Novelist Paul Hardisty writes about Yemen; A country he knows and loves.
Yemen: A Land Beautiful and Cursed
My new novel, The Abrupt Physics of Dying, published by Orenda Books in London, is a literary thriller set in Yemen during the 1994 civil war.
I first set foot in Yemen in 1990, a few months after the end of the first Gulf War. Over the following months and years I was lucky enough to fly, drive, and walk across much of the country, discovering as I went a place both unforgettably beautiful and painfully cursed. In Yemen, physical beauty surrounds you: vast deserted coastlines, emerald wadis strung like gems under towering blushed cliffsides, sand river deserts, hand-sketch mud brick villages rising from the sand like mirages.
Here is a place where the real Arabia lives on still, in a tented encampment tucked into a narrow tributary of wadi Hadramawt, or in the stonework villages in the hills to the south of Sana’a. Home to some of the proudest, toughest, most faithful, loyal and hospitable people on the planet.
Back then, things were pretty bad. Saudi Arabia had just expelled over a million Yemeni workers, mostly young men, in retaliation for Yemen’s support of Saddam Hussein’s Iraq. Sana’a, the stunning pre-Islamic capital, was choked with angry, unemployed youths.
The work I was doing there, for the UN, revealed steadily worsening water supply problems in this, one of the driest places in the world. The analysis I did at the time predicted that the area would run out of water sometime between 2010 and 2020. Sadly, that prediction has turned out to be accurate. Water stress is one of the underlying causes of the deepening conflict now unfolding.
There have been some significant oil discoveries in the country over the last couple of decades, notably in the Masila region in Southern Yemen. Control of that oil wealth was one of the reasons for the civil war between North and South (Shi’a and Sunni) in 1994. Back then, the Zaydis from the North, supporters of President Saleh, took Aden and won the war, re-unifying the country.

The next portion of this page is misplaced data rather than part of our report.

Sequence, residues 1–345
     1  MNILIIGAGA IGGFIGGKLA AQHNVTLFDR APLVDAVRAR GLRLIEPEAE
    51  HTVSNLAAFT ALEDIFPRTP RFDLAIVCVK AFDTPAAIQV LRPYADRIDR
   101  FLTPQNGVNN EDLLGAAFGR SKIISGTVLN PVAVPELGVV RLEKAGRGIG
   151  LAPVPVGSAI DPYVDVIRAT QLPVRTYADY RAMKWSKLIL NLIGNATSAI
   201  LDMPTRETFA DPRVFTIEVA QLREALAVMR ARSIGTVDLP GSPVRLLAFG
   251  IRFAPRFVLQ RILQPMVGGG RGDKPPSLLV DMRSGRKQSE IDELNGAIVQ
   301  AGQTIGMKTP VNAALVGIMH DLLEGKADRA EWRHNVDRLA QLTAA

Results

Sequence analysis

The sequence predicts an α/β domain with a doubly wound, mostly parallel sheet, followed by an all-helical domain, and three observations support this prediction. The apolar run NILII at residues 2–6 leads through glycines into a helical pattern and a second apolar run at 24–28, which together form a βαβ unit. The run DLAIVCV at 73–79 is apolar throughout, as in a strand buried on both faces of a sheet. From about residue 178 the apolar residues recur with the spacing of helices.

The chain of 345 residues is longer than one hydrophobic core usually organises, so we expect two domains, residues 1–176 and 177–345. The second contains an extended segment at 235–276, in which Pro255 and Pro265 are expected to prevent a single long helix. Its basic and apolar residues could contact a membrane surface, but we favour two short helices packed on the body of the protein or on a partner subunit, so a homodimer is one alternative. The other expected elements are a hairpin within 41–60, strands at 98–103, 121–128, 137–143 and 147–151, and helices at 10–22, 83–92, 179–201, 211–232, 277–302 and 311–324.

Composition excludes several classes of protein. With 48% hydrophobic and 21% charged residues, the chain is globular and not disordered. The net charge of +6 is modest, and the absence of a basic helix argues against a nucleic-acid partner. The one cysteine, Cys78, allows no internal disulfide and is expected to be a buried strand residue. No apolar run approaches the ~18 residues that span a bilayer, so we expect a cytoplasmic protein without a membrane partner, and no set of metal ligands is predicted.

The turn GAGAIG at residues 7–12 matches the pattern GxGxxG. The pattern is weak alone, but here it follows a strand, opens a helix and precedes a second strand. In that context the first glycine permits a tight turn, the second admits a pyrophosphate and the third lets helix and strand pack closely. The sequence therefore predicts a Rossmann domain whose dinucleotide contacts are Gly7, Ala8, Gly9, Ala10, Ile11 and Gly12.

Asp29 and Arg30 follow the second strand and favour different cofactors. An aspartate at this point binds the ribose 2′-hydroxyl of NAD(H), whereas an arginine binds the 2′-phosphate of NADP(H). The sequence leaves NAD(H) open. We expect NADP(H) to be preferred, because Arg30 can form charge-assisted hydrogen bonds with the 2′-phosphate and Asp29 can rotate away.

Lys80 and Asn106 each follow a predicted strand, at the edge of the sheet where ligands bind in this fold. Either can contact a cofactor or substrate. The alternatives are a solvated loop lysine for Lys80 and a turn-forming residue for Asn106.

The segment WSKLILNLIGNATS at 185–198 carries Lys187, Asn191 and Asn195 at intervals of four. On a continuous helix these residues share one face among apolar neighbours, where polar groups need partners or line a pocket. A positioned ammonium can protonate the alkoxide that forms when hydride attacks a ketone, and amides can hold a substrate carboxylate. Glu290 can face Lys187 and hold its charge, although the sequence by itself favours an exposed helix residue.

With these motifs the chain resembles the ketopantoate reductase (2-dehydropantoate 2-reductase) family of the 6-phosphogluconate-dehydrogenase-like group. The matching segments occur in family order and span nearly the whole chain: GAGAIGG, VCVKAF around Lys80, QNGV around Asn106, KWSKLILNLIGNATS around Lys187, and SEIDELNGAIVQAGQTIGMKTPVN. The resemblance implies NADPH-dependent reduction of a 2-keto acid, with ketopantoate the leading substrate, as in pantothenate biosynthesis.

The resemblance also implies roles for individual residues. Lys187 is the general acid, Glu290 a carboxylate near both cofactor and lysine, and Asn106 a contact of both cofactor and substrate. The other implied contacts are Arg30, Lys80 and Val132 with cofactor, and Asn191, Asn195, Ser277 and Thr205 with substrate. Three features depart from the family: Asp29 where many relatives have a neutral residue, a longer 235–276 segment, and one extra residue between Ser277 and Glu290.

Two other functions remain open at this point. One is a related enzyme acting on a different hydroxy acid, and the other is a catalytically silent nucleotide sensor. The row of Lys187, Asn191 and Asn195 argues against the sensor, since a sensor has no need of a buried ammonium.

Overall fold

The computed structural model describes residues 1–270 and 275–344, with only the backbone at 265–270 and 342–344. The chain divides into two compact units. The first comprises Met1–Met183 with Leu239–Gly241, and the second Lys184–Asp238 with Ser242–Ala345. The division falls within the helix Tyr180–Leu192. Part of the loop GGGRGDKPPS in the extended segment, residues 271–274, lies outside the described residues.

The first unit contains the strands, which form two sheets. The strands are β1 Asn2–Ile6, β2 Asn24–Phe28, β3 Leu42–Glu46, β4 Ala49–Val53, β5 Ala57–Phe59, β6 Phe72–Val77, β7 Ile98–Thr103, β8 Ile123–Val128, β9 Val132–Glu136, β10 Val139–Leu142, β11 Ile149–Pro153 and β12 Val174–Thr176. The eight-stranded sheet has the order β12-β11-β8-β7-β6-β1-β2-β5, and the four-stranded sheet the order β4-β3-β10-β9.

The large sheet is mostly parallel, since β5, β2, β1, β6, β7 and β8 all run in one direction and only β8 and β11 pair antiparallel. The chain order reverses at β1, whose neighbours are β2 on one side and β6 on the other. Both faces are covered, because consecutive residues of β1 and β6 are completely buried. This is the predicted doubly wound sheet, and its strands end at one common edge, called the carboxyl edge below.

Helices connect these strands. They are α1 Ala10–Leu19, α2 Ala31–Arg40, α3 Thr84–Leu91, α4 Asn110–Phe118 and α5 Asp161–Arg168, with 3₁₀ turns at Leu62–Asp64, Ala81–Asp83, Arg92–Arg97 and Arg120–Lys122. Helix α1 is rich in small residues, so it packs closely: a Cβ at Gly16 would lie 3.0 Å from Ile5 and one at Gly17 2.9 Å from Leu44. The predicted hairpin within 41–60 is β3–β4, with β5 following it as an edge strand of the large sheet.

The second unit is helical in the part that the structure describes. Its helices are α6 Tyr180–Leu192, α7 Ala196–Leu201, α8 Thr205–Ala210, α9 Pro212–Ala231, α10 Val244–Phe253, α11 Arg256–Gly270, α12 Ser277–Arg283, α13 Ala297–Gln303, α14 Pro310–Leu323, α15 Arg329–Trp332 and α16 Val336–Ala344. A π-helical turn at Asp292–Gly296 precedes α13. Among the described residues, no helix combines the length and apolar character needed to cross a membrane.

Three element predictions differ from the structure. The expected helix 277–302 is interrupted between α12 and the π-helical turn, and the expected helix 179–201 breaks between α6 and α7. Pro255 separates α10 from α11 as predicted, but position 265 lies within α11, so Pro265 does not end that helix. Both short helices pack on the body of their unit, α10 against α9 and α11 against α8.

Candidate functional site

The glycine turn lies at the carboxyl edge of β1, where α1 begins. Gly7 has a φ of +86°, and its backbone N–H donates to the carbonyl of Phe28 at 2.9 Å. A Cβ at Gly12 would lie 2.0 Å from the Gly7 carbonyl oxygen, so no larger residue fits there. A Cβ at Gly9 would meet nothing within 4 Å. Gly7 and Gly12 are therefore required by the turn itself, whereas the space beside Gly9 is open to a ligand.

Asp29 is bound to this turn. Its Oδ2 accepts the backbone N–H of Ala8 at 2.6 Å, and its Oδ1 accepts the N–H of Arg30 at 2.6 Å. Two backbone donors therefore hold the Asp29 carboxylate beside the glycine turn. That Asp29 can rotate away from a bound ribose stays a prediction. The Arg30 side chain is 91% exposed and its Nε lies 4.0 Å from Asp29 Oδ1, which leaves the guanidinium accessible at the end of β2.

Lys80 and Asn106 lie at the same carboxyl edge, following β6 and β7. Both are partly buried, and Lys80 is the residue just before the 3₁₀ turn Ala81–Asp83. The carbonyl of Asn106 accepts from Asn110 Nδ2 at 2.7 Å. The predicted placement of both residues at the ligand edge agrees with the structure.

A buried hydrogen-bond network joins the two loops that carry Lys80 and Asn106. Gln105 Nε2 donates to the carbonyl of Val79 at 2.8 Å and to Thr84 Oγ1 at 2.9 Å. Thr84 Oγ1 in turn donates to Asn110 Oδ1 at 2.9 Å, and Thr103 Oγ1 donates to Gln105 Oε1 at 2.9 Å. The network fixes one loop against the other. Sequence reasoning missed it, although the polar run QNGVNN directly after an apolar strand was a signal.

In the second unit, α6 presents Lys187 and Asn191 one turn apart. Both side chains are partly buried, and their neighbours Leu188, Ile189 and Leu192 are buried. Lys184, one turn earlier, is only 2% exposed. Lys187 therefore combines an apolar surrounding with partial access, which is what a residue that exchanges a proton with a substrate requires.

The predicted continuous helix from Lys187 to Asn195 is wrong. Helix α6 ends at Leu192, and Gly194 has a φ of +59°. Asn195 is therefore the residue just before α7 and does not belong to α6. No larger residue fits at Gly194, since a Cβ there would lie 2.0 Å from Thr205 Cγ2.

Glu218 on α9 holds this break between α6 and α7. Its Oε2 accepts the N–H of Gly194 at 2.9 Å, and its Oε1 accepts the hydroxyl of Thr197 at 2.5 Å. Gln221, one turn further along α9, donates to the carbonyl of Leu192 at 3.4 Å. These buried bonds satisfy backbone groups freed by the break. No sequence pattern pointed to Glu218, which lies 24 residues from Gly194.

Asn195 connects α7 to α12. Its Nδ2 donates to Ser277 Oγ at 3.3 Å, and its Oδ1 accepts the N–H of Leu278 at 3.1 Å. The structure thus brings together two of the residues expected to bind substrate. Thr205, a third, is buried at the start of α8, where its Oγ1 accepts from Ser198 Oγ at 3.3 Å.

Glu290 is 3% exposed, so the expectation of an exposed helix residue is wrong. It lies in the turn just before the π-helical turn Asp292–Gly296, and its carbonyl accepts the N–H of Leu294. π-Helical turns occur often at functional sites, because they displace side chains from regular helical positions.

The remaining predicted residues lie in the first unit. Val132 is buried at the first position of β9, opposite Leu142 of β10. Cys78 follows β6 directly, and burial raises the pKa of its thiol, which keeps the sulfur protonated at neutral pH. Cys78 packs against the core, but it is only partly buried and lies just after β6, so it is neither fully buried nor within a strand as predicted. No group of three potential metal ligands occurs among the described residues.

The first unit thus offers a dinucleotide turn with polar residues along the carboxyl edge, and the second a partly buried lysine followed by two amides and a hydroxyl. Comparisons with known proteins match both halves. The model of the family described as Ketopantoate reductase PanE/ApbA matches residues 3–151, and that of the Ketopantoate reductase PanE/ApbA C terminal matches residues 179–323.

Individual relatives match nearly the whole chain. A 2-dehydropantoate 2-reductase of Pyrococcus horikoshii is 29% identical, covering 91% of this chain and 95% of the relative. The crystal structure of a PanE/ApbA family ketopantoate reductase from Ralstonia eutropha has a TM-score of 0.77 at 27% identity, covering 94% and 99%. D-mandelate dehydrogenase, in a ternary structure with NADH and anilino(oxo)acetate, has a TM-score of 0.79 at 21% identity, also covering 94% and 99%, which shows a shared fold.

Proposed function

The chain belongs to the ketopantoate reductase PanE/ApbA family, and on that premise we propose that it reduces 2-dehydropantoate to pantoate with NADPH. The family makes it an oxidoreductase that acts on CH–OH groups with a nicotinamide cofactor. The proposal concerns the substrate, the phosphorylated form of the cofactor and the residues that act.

But Yemen has never really been at peace. Foreign powers have tried for centuries to subdue the place, and have died there in their thousands. The Ottoman Empire, the Egyptians under Nasser, the British, the Soviets, and now the Saudis. The irony here, of course, is that if you ask them, most Yemenis just want to be left alone.
And as is always the way, in all of this, it is the people who suffer. Water shortages affect everyone. The oil is running out now, too, and only a handful of powerful Yemenis have benefited from the short burst of wealth that flowed from the deep reservoirs.
Development metrics put Yemen near the bottom worldwide. Over 90% of Yemeni females are illiterate. The average Yemeni woman has nine live births over the course of her short lifetime. She is chattel. Half of the country’s population is under 14 years of age – a demographic time-bomb waiting to go off (and a big reason why Saudi Arabia has always feared Yemen so). As much as half of family income (and much of the country’s precious water) goes to qat, the narcotic leaf chewed almost religiously by much of the population (male and female). There is no functioning central government, in the way we would understand it in the West – outside of the two main cities, Sana’a and Aden, tribal law rules. Roads are few and treacherous. And to top it off, Yemen is one of the most heavily armed places in the world.
As Yemen descends into a new phase of tortured anarchy, I can’t help but wonder about the decisions that have led them here. Is it determinism that governs? Can individuals decide, and in that deciding affect the course of events? Or, as so many believe here in a nation that until the 1960’s was known as the Mutawakkilite Kingdom of Yemen – the Kingdom that depends on God – is it simply fate, the will of Allah? Oil and water, faith and nihilism, loyalty and betrayal – these are some of the themes that the book explores, here in one of the most beautiful and cursed places on the planet.’